Abandoned ireland


Williamstown House,


Documenting our Heritage

Williamstown House, Meath

Many thanks to Peadar O'Colmain for this excellent research and write up:

Williamstown House in County Meath was built around 1770 as a home for the Cuffe family.

The Cuffe Family originated in Somerset, England. Originally they had a manor house at Rowlands, between Taunton and Yeovil which still stands today with a Great Hall, about 25-foot high, with mullioned windows and plasterwork dating from the reign of Queen Elizabeth the First.

The family have a long history in Ireland from the time when Captain John Cuffe adventured to Ireland in 1561 during the Elizabethan age.

The "Gentleman's Magazine and Historical Chronicle, July to December 1811" describes for us; "At Williamstown Co. Meath, the right honourable and Reverend Hamilton Cuffe and uncle of the present earl of Desart and Rector of Drumcondra and Athboy." He appears in "Kells United Parishes" in 1803. Reverend Hamilton Cuffe, his two children, John and Lucy and his wife, we are told convincingly is called "Mrs Cuffe". He would later have three more daughters, Nicola, Dorothea and Isabella. The son, John Otway Cuffe of Williamsown House Co Meath died on March 15th 1833.

The house was built in a Palladian style and set on 280 acres. It was originally a three story house over basement with just five bays. It had a hipped-slate roof, carved limestone doorcase with Doric columns and an entablature with a pediment above and a pedimented window over the porch.

The house was modified around 1830 with two more bays being added to either side giving the house the nine-bay frontal appearance that we see today. The stonework is ashlar limestone and the four newer bays match the original structure perfectly. Williamstown House was once in a Parkland setting but this is now all farmland.

It was the first house in Kells to have electricity.

The house was later owned by the Garnett family who also altered the building. John Garnett was at one time the Bishop of Clogher. Originally an English family they were extremely wealthy, owning property in Dublin. They had residences in Athcarne Castle, Kells, Summerseat and Williamstown House.

A Rev George Garnett died in 1856 and left the place to his eldest son, William Stawell Garnett (born 1838). Rev George Garnett is also listed as having owned 304 acres at Knockglass, Crossmolina, Co. Mayo. During and after the Great Famine many of the Garnett family left Ireland and moved to The United States, Canada, Australia, New Zealand, South Africa and Fiji. Some of them also moved back to England.

The next owners of Williamstown were the Dyas family, owners of the Athboy Lodge Stables. The "Genealogy library reference book" for the 1870s lists a Mr. Nathaniel H. Dyas, of Athboy Lodge, Athboy, as owning 1,231 acres.

Mr Henry Mortimer Dyas was the owner of the horse "Manifesto", the first horse to win the Aintree Grand National twice (1897 and 1899). The "Manifesto" restaurant at Aintree Racecourse is still called after him. Henry Mortimer Dyas was the subject of a 1913 Court Case in which the jury found against him to the tune of £ 482.00 for assaulting a barmaid Mrs Sarah Ann Williams with whom he had been living. The Judge, Mr Justice Wright desccribed him as a "peculiar man, lax in morality". The "Commission of the Peace in Ireland " in 1887 describes him as a "land agent and grazier". He died on August 25th. 1915. Aged 57 years and is commemorated with an inscription in St Columba's Church, Kells. Erected by his wife Hilda.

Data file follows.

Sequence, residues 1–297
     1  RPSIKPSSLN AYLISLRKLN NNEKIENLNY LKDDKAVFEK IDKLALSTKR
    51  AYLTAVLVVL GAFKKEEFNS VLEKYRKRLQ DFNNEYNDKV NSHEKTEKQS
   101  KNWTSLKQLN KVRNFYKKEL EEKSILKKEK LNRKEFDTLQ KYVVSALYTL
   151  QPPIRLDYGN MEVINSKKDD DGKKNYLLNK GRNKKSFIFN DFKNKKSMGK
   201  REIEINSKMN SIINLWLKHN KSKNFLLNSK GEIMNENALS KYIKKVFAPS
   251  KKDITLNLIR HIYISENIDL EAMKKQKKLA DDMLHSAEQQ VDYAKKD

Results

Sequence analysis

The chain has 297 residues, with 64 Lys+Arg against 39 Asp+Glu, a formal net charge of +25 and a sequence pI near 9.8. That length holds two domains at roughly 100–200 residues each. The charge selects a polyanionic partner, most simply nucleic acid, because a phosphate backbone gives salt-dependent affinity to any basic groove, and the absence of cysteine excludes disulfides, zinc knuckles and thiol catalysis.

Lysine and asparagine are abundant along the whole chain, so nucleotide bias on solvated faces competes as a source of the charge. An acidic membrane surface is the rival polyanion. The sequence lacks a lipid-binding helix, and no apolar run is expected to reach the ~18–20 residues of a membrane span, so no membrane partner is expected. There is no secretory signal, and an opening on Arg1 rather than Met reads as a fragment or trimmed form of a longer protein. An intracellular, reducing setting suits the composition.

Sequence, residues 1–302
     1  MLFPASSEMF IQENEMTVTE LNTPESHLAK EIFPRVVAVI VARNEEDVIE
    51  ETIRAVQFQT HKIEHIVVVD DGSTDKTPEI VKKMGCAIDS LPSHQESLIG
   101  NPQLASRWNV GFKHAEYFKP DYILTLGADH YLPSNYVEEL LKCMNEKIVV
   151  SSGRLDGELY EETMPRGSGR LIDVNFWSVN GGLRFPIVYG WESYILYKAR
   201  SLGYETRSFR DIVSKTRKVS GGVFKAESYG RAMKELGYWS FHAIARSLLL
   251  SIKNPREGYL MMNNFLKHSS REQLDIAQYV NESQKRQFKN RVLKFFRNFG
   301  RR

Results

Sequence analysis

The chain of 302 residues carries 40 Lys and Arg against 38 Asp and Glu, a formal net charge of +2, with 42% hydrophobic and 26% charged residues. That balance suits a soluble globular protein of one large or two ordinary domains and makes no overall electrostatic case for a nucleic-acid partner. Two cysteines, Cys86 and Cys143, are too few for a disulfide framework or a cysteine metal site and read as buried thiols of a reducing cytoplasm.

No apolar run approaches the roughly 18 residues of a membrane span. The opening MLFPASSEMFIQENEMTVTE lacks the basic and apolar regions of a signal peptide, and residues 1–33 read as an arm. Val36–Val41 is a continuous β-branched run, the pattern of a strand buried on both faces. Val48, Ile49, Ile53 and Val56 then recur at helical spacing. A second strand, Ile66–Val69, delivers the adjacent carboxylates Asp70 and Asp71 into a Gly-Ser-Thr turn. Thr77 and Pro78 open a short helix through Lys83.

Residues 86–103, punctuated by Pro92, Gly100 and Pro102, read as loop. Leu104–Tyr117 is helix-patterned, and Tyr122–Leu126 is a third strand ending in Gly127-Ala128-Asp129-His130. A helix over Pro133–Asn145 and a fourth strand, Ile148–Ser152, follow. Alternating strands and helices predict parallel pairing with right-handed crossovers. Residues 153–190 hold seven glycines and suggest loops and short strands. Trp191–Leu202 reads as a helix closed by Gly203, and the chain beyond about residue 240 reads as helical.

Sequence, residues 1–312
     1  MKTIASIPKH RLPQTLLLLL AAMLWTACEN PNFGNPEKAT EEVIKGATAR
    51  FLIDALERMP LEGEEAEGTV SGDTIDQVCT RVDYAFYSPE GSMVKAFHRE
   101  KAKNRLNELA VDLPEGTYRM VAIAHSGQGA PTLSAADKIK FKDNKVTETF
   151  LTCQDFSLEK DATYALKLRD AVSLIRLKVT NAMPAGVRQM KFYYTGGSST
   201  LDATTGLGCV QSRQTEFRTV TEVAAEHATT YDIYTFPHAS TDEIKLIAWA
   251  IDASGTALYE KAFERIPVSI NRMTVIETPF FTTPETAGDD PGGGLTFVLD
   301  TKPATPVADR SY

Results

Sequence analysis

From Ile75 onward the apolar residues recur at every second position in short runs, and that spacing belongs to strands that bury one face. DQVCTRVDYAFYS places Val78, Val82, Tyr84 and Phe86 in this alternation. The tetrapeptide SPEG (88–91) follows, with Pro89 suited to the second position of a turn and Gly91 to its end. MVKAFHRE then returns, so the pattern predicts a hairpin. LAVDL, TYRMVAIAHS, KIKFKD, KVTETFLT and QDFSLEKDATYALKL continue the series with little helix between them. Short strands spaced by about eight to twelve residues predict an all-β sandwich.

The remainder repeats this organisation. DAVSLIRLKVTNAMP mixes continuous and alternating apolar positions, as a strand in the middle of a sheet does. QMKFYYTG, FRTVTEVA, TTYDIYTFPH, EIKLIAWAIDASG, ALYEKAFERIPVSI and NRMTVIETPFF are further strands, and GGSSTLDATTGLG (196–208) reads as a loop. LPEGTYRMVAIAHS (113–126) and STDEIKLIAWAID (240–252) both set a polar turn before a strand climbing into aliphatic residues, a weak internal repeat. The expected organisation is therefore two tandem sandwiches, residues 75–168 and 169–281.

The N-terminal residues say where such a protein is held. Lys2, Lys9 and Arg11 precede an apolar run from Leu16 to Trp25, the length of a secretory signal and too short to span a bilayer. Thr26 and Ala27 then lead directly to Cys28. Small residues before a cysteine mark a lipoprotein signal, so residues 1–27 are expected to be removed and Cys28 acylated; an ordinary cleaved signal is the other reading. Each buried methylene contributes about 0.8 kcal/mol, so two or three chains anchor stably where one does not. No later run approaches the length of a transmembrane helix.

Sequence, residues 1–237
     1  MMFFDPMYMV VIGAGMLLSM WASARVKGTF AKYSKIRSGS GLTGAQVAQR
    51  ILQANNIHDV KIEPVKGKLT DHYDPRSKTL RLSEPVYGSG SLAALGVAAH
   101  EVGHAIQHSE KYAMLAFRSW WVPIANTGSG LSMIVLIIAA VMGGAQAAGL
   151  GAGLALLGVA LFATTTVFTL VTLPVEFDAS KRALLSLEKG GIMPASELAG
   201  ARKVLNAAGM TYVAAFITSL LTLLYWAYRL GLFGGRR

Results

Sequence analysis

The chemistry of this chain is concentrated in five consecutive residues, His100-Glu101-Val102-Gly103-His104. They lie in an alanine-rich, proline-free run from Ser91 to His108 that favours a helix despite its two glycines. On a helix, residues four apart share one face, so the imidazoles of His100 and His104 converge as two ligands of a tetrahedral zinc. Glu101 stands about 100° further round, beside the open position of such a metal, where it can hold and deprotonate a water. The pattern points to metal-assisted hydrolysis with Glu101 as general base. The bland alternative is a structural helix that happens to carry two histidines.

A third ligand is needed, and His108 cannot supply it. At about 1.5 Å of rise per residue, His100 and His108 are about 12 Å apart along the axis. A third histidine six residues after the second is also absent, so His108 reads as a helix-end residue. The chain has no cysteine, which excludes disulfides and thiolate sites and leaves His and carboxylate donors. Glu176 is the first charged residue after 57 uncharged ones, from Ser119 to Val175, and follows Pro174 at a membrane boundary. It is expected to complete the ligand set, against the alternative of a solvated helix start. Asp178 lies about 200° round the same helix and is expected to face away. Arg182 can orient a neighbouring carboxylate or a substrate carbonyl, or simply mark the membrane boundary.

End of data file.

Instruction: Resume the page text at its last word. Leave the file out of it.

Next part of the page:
On leaving Williamstown they willed the house to a Miss Julietta Marie Emily "Judy" McCormick of 'Shandon', Monkstown, Co. Dublin. This may have been her single and her married name.

She Married Samuel Smith McCormick J.P. They had eight children including a son, John Hugh Gardner McCormick (born 4 April 1886) who was killed in the the First World War on Oct. 19th. 1914.

There was a Brass Lectern in St Columba's Church of Ireland in Kells with an inscription saying;

"Sine Timore" "To the Glory of God and in loving memory of John Hugh Gardiner Mc.Cormick of Williamstown, Co. Meath. Captain, Royal Warwick Regt. He was mortally wounded in action. Oct. 19th. 1914, and died the same night at a Convent Hospital in German hands at Menin. Aged 28 years." "Fear God and keep his Commandments". The lectern is now Dalkey Church in Dublin.

"Sine Temore" is a latin phrase meaning "without fear"

John Hugh was single and left his estate to his father. He is commemorated on Panel 8 of the British War Memorial at Menin Gate, Ypres (now Ieper), Belgium, and the Great War Memorial, Monkstown Church of Ireland, Co. Dublin.

His mother Julietta McCormick herself died on July 30th 1951 and is buried in grave 1290 in Mount Jerome cemetery in Dublin.

Miss McCormack had a maid and friend called Rosie Guerin who then remained living in the lodge of Williamstown House until she passed away in 1997. Her daughter, Anne was born and reared in Williamstown House.

From the sixties or seventies onwards Williamstown House has been abandoned and today is a ruin.

Thanks to Peadar O'Colmain for this great write up.